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“Third Reflection”

I am placed in a 4K classroom at a charter school in inner city Philadelphia. 4K means the children are around four years old, which implies that they are pre- kindergarteners. At this point I have visited my site four times and each time we have a very similar afternoon schedule.

I immediately appreciated the acknowledgement of my presence every visit, by Mr. White and his students. My first visit he introduced me to the class and told the children, “Ms. Deborah is studying to be a teacher like Mr. White, and when Ms. Deborah comes to visit on Wednesdays you must listen to Ms. Deborah, exactly how you would to Mr. White and Ms. S”. He then had me introduced myself to the class, which was kind of awkward because I had never introduced myself to twenty-six four-year olds before. I have the ability to interact with the children, allow them permission to do things, and discipline them as well. Although, I prefer minor discipline, such as, asking them to stop undesirable behaviors, in which I just like to remind them of what they should be doing instead of punishing the undesirable ones. When I get there they are just waking from their naps and go straight into independent reading sitting in their table groups. After independent reading the kids go downstairs to gym, then back upstairs to a large group story, which leads to an arts and crafts activity, ending with packing up and going home. Mr. White usually asks me to read the class, the last story of the day before we pack up to go home which I really enjoy as well.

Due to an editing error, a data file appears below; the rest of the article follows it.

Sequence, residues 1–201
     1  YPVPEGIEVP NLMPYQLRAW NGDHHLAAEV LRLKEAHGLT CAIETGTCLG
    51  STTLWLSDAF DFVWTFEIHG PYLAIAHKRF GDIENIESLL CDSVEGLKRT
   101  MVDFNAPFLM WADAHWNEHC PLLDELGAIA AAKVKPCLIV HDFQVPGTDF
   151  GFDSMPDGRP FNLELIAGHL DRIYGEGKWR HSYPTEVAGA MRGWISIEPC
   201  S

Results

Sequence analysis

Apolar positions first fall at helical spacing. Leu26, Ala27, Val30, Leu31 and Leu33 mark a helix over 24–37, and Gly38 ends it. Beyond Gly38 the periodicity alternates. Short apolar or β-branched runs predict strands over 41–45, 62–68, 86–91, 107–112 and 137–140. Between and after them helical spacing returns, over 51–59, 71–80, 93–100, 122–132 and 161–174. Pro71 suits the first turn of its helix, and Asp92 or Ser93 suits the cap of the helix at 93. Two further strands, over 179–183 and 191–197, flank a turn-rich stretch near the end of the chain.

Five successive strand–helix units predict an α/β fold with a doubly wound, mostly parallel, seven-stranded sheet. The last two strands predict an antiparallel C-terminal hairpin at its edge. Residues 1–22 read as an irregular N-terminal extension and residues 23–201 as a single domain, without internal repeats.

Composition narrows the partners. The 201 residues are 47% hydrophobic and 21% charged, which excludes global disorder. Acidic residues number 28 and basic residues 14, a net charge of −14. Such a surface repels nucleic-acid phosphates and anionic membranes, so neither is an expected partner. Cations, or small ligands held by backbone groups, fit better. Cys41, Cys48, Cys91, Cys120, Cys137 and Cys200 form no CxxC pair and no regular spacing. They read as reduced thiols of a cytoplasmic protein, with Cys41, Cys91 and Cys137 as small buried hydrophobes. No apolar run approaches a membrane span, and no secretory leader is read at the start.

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Journal Entries

Hey guys I've been really bad at posting entries.. Sorry I'll post them here and you all can chose which, if any to comment on. =)

Journal Entry 5

In class we split up into journal groups and created checkpoints for teachers to assess student’s learning processes. We decided these as key points in creating a productive learning environment

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Paper 2

“In every society, there are ways of being locked out. Race, gender, or beauty can serve as the dividing point as easily as being sighted or blind. In every society, it takes many people--- both disablers and their disabled--- to get that job done” (McDermott, 4).

Ray McDermott’s article, “Culture as a Disability” emphasizes interesting and valid points that present society with an alternative meaning behind the word disabled. In various cultures, including American culture, disabled individuals are shunned from everyday interactions. At young ages, disabled people are segregated in educational systems, occupational settings, and home interactions.

Common sense allows that persons unable to handle a difficult problem can be labeled "disabled" (McDermott, 1).